I grew up in a small town in India before personal computers and the internet were widely available. Only wealthy people could afford them. My family was not wealthy, so we could not afford to buy a computer or internet connection. The only way I could access the internet was by going to a shared internet cafe and paying by the minute. I saved up my allowance and money from my side hustles to spend on internet cafe time. I was fascinated by the internet (remember that funny dial up modem sound?). It was like a window into faraway lands, people, and ideas. I remember my first time using AOL Messenger to chat with someone who lived in downtown Manhattan. It was amazing to be able to connect with someone from another part of the world so easily.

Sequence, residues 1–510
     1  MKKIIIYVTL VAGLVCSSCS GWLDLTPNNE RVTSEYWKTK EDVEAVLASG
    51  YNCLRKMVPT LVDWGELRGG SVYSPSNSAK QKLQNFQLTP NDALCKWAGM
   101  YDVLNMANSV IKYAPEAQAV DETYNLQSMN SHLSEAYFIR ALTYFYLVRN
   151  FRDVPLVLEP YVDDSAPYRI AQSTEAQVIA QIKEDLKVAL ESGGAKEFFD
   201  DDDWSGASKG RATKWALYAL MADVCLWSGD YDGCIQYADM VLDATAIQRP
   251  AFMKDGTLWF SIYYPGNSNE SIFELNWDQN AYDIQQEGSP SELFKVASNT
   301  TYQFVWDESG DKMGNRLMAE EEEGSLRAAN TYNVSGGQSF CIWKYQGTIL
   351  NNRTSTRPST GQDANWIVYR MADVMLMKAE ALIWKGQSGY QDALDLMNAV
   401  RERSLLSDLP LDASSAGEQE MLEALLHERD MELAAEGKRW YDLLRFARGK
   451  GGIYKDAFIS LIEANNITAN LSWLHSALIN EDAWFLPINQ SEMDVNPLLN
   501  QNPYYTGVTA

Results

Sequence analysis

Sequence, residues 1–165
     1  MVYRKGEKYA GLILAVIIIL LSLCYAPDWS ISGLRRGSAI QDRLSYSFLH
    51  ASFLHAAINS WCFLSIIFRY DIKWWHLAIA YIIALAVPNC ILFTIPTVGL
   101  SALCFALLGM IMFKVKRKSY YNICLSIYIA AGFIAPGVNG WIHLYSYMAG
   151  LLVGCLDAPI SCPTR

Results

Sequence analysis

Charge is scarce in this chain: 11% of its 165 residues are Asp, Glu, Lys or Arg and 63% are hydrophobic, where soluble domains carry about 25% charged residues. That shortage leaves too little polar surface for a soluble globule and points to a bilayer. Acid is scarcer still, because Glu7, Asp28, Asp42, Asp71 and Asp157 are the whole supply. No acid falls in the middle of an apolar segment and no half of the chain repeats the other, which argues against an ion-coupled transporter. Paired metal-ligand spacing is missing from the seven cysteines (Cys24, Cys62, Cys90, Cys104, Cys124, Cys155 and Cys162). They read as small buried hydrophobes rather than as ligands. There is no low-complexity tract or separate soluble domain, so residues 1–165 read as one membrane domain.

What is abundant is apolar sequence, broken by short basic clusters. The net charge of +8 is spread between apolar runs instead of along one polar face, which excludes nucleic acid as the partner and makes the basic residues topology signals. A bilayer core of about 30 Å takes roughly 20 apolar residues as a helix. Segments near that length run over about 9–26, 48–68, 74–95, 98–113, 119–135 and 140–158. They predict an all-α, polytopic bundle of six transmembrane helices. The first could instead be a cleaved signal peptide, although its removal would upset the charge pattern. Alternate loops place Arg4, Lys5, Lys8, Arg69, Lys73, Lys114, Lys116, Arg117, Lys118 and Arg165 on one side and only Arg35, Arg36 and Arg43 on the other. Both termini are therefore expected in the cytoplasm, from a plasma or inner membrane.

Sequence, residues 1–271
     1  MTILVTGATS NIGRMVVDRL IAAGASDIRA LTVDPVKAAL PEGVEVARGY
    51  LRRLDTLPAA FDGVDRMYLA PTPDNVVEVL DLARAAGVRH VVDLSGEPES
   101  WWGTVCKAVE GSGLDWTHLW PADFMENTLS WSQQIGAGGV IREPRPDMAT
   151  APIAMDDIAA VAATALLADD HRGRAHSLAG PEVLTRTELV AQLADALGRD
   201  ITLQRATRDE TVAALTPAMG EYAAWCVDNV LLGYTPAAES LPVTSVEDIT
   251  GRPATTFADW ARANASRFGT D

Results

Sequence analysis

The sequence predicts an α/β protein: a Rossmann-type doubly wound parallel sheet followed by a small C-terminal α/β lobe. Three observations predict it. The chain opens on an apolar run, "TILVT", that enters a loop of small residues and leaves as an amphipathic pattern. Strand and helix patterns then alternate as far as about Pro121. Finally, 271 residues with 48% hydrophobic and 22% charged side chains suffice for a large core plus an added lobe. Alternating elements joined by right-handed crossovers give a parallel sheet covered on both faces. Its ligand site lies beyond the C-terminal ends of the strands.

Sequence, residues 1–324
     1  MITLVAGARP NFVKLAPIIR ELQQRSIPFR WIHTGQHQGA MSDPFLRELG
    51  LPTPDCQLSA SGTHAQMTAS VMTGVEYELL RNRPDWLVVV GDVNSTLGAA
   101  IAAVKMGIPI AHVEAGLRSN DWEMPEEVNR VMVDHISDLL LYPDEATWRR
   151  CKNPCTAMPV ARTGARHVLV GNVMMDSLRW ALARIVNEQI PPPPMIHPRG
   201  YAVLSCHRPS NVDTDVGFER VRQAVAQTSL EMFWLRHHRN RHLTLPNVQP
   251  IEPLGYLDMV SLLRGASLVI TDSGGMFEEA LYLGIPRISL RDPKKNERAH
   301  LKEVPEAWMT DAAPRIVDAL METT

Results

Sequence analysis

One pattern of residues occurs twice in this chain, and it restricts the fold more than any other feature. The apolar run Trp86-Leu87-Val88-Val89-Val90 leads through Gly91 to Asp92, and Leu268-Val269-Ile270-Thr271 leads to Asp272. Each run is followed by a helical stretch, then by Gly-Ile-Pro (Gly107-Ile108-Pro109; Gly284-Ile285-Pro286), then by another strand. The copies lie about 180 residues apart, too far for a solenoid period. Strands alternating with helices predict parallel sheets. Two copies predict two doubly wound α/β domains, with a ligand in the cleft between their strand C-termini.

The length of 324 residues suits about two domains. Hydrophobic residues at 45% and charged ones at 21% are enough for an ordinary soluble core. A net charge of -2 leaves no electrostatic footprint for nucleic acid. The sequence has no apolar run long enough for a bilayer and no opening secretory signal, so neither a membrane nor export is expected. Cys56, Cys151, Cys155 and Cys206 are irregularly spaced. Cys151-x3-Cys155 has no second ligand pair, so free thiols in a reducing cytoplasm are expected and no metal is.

The computer and the internet expanded my awareness and possibilities. They helped me learn about new things and meet new people. I am the first person in my family to graduate from college, and I am grateful to technology for the opportunities it has given me. It’s not lost on me that I am writing this note sitting in our Farley offices in Manhattan. :-)
Just like the personal computer did, I believe that RL products will liberate people from the constraints they were born into, whether they be physical, mental, geographical, or economic. I see the same benefits in RL products that the computer and the internet gave me. And to be a small part of that journey to help future generations is the reward. That is my “Why.”